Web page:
Time Lapse

Time lapse photography squeezes time. It can squeeze something that happens in ten minutes or ten days down to a short ten second video. In real life time lapse video is used to quickly indicate the passage of time from one scene to another. It is usually not something that  stands along as a video.

The exceptions are videos that speed up things like the blooming of a flower or the passage of the stars across the sky at night.

Some of these can be totally beautiful. They allow us to see something happen that our eyes cannot capture.

Time lapse videos are made up of many individual frames photographed often with simple cameras or camera phones. A few easy controls are necessary, but almost all cameras and camera phones have these control.

These individual frames are put together to make a video. Some cameras or phones can do this in camera.The video below shows how to do this with an iPhone.
    Here's a How-to video for using an iPhone to do time lapse.
Step by step with video clips that help.

Or use the short video to get started with you iPhone. (Other phones may have similar features. )

You can also go to YouTube and search for a tutorial for your phone.

But time lapse done in the camera are limited. To be really creative you will need learn how to do this yourself using a video editor. Windows 7 has a video editor called Movie Maker. Or you can use the Kizoa.com editor.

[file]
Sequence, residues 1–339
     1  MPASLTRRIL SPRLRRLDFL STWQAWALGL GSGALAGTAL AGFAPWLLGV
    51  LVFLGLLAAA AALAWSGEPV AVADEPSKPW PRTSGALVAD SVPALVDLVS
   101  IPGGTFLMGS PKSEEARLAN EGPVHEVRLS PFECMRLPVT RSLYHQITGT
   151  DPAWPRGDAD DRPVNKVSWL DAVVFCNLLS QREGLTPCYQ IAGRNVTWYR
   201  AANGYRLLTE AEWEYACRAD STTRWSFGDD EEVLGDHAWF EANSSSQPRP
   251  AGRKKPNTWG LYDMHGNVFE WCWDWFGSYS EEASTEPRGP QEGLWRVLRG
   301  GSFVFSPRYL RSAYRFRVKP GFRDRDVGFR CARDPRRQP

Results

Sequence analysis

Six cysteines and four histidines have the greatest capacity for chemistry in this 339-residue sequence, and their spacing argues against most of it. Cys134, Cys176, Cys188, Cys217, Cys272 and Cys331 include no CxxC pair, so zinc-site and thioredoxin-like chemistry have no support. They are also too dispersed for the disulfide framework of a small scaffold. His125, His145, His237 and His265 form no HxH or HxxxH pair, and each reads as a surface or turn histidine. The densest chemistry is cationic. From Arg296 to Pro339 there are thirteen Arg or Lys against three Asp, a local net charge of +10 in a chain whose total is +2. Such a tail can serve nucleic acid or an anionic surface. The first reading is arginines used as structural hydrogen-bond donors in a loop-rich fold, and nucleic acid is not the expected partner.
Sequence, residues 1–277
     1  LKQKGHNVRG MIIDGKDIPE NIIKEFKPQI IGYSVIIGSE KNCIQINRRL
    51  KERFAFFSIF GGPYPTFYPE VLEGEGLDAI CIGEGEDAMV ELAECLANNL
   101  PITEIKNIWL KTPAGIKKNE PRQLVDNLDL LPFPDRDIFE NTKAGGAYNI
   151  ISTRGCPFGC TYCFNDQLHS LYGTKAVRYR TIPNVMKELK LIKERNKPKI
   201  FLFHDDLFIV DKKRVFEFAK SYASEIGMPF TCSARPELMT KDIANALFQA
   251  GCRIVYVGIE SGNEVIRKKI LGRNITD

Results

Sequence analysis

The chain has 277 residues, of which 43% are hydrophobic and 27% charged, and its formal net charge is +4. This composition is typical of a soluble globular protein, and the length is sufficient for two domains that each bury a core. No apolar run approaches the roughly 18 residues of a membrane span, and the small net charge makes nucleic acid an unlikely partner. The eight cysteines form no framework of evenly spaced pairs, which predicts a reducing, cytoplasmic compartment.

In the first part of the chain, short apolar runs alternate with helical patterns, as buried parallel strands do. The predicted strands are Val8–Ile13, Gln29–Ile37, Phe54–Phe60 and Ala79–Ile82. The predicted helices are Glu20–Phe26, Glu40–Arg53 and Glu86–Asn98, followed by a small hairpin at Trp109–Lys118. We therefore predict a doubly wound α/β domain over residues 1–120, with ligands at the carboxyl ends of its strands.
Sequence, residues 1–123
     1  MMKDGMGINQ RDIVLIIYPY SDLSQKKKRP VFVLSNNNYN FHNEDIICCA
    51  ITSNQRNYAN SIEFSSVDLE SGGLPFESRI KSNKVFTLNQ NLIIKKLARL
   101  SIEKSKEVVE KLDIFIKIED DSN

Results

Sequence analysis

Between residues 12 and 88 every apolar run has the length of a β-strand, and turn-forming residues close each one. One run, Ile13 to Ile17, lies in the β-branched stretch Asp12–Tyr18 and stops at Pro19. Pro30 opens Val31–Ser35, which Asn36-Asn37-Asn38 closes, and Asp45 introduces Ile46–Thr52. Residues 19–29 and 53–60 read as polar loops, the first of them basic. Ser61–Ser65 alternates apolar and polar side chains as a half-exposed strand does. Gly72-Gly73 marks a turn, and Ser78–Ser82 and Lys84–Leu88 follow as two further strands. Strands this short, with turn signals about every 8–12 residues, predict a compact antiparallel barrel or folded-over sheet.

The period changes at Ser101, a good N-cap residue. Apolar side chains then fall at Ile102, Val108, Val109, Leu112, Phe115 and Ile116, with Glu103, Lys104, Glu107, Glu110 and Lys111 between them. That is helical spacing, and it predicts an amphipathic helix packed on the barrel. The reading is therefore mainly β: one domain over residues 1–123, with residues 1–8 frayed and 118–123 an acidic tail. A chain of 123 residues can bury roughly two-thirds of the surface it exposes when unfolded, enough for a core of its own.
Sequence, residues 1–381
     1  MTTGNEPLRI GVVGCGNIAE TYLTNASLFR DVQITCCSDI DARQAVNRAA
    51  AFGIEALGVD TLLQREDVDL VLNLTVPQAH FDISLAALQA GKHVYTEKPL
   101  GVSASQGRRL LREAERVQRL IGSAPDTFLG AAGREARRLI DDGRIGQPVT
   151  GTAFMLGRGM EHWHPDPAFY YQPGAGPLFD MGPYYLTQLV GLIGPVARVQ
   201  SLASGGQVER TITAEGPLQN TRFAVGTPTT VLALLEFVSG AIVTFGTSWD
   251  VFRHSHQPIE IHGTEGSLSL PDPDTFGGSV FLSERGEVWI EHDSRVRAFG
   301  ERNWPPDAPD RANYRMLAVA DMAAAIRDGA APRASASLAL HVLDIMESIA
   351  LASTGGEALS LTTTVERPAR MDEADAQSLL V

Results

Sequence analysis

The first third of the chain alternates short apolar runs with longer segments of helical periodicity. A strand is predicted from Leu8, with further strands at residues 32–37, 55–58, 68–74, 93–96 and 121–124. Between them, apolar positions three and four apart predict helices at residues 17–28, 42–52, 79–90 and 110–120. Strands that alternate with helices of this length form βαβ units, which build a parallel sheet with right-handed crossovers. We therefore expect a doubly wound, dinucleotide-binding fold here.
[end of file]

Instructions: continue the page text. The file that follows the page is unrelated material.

There is another way of squeezing time. You can do it with a long exposure. A long exposure squeezes an exposure that might be a second or two or an exposure of 30 minutes into a single frame. One example of a long exposure is photography of the stars. Another is a photo of traffic light trails.

See this website for tips and ideas   Long Exposures

Here's a video with ideas for making blurred images

Lomg exposure

This video captures the city in time lapse video. See how much more impressive it is than a single photo.

This Project asks that you explore the process of making time lqapse videos using both individual photos and video clips. Choose an interesting activity. It could be something as simple as peeling a potato or painting a picture. Photograph part of it using the burst mode on your camera. You will probably need to take 30  to 60 pictures to be sure you have enough to choose a selection for the video.

Then video part of the activity taking several video clips. 

Put the video clips and the individual pictures together in a combined video and time lapse photo video of at least 30 seconds. Send it to me at dcamp@ncslacey.org

Finally, take two entirely different long exposure pictures and upload them to Flickr.

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© 2018 Don Camp